Galina 2014 Abstract MiP2014

From Bioblast
Effects of perinatal asphyxia in mitochondria of brain during development of the central nervous system.


Galina A

Mitochondr Physiol Network 19.13 - MiP2014

Galina A, Mendes Lima JP, Rodrigues-Ferreira C, Uziel D (2014)

Event: MiP2014

Hypoxia-ischemia is a major cause of fetal and perinatal brain damage. In Brazil, perinatal asphyxia is an important cause of death and also the most important cause of encephalopathy and permanent brain damage in children. Here we used a model of perinatal asphyxia in rats to study short- and long-term effects caused by the perinatal asphyxia in the development of the cerebral cortex. Pregnant females were monitored between the 20th and the 22nd day of gestation. At the beginning of labor, the fetus was submitted to an acute period of complete asphyxia by submersion of the one uterine horn into a PBS bath for 15 min at 37 Β°C (asphyxiated group). In parallel, pups from the other uterine horn were rapidly removed, cleaned and directed to a foster mother (control animals). In the group exposed to asphyxia, the survival rate was 67%. There was no difference in body weight gain between the groups until 21 days postnatal (P21), although reduction of weight brain of asphyxia animals was detected at P7. Perinatal asphyxia caused permeabilization of the blood-brain barrier, but no raise in the level of inflammatory cytokines was detected after birth. Oxygen consumption was increased at P0 and P7, and resistance against formation of mitochondrial membrane permeability transition (MPT) was increased, as shown by monitoring the mitochondrial membrane potential (mtMP) by safranine O. After two weeks, we observed a normalization of mitochondrial oxygen consumption with a concomitant increase in susceptibility to the formation of the MPT in asphyxiated animals and, consequently, an increased sensitivity to cell death. Taken together, our results reinforce the hypothesis that brain development is altered by perinatal asphyxia, in particular neuronal biochemistry. These changes may contribute to neurological disorders found in children exposed to perinatal asphyxia.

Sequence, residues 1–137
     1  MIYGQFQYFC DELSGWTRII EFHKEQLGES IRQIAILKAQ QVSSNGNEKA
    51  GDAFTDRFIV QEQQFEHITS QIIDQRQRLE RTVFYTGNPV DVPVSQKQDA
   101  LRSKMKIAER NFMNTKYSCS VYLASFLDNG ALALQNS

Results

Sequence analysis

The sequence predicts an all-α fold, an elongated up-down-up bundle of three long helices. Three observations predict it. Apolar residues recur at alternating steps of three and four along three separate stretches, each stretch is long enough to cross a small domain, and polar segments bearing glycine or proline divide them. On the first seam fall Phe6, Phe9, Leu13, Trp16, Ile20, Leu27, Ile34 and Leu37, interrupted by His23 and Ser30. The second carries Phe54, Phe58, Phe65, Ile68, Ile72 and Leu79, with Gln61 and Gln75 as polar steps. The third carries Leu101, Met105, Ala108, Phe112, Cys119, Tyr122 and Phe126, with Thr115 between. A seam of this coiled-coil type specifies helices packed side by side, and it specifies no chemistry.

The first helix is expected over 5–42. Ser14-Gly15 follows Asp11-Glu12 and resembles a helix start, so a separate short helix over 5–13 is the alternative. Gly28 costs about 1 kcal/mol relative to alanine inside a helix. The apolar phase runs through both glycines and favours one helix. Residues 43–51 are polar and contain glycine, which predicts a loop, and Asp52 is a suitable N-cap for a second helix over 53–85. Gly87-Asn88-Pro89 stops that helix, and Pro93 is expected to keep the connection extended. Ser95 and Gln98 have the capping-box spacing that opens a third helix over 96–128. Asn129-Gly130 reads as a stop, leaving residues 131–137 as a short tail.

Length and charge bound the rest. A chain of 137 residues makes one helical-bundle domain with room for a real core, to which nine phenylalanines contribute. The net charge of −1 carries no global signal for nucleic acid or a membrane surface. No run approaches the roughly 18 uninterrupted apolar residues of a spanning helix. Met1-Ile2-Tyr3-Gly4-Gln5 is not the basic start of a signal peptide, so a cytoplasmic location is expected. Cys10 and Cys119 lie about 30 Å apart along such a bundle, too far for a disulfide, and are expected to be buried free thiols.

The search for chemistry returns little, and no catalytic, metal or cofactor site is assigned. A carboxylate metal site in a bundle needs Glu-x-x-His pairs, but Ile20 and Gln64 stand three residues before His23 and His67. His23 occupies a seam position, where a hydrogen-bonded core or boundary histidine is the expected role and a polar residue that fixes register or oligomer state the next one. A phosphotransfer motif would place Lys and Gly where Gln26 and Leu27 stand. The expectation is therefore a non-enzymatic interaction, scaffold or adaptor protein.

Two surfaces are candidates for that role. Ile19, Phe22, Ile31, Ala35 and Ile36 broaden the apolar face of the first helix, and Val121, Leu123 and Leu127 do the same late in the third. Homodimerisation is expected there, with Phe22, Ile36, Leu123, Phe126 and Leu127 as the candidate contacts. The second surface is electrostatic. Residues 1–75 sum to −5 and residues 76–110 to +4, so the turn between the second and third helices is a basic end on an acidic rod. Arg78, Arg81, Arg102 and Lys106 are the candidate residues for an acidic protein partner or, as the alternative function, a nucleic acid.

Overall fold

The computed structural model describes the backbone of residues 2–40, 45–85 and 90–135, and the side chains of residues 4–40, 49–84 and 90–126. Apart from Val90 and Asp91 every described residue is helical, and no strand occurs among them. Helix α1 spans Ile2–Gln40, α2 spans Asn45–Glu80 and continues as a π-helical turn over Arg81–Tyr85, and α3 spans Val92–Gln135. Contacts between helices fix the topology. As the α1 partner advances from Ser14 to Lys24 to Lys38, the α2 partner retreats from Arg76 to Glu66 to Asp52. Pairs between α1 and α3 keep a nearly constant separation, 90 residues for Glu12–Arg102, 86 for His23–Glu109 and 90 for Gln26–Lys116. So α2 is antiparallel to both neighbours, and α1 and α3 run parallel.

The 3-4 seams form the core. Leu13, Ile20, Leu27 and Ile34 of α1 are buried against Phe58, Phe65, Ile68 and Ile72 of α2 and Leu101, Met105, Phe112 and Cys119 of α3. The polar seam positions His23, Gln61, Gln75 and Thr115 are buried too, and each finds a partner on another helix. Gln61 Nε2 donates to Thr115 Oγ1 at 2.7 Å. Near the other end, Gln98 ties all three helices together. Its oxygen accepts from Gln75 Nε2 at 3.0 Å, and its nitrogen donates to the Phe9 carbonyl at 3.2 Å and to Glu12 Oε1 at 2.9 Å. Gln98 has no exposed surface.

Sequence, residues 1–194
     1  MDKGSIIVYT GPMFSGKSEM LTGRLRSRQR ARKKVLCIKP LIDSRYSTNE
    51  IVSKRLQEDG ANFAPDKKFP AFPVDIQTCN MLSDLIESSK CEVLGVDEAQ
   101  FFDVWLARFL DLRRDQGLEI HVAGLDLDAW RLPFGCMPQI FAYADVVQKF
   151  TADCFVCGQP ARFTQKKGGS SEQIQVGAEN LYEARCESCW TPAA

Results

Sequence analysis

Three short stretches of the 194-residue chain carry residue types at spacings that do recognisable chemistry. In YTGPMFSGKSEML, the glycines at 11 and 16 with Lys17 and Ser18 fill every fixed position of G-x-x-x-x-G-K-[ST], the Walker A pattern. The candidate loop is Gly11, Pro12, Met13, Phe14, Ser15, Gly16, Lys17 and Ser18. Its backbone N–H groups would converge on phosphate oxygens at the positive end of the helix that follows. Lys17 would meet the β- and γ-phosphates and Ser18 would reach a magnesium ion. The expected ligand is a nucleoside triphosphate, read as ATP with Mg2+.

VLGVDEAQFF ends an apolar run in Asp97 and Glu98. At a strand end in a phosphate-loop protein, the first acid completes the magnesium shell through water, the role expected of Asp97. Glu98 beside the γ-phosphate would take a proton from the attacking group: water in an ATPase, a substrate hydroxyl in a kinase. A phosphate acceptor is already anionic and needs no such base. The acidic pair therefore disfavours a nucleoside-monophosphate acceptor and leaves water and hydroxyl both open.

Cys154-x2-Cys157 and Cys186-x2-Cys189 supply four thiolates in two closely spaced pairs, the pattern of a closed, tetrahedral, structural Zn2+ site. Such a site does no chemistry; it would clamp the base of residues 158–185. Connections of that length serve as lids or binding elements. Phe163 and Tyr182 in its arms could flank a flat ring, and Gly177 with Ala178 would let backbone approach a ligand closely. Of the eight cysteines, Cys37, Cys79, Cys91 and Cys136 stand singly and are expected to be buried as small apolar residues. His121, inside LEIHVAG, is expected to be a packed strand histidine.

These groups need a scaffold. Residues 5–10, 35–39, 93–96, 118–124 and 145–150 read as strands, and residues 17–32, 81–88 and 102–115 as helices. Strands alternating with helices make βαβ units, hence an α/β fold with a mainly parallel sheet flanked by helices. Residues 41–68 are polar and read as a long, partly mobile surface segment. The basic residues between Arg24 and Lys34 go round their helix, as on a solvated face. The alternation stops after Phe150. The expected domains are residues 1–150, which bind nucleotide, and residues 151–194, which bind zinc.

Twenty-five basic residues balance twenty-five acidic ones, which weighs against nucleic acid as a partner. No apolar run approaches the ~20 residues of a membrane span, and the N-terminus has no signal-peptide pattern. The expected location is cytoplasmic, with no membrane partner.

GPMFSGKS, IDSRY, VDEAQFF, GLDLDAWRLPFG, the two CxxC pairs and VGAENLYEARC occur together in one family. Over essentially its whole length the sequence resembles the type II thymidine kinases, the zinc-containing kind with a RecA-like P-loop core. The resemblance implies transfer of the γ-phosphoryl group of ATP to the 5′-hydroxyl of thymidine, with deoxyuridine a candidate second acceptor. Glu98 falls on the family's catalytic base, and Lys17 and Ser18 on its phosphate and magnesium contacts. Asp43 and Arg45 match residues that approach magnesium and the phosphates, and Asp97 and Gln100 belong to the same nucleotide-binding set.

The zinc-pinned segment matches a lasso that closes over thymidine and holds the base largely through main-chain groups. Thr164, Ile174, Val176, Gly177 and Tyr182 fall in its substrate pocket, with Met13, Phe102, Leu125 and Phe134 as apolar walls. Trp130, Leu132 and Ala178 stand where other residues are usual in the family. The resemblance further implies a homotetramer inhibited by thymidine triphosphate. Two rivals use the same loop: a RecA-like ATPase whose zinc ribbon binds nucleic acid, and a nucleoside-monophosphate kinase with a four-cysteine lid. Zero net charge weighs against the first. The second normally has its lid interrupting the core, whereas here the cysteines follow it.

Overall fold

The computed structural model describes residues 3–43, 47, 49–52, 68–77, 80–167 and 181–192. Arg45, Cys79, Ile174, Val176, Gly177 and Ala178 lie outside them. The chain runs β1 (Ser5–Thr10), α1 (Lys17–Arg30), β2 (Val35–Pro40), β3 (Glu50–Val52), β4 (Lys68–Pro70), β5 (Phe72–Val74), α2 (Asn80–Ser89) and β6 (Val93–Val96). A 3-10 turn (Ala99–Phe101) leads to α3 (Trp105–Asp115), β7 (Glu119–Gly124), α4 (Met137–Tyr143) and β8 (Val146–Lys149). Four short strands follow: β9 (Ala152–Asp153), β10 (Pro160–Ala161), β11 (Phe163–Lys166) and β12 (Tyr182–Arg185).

β€’ O2k-Network Lab: BR Rio de Janeiro Galina A

Labels: MiParea: Respiration, mt-Membrane, Developmental biology 

Stress:Ischemia-reperfusion, Permeability transition  Organism: Rat  Tissue;cell: Nervous system  Preparation: Isolated mitochondria 

Regulation: mt-Membrane potential 

HRR: Oxygraph-2k  Event: B3, Oral  MiP2014 


1-Inst BioquΓ­mica MΓ©dica; 2-Inst Ciencias Biomed; Univ Federal Rio de Janeiro, Brazil. - [email protected]

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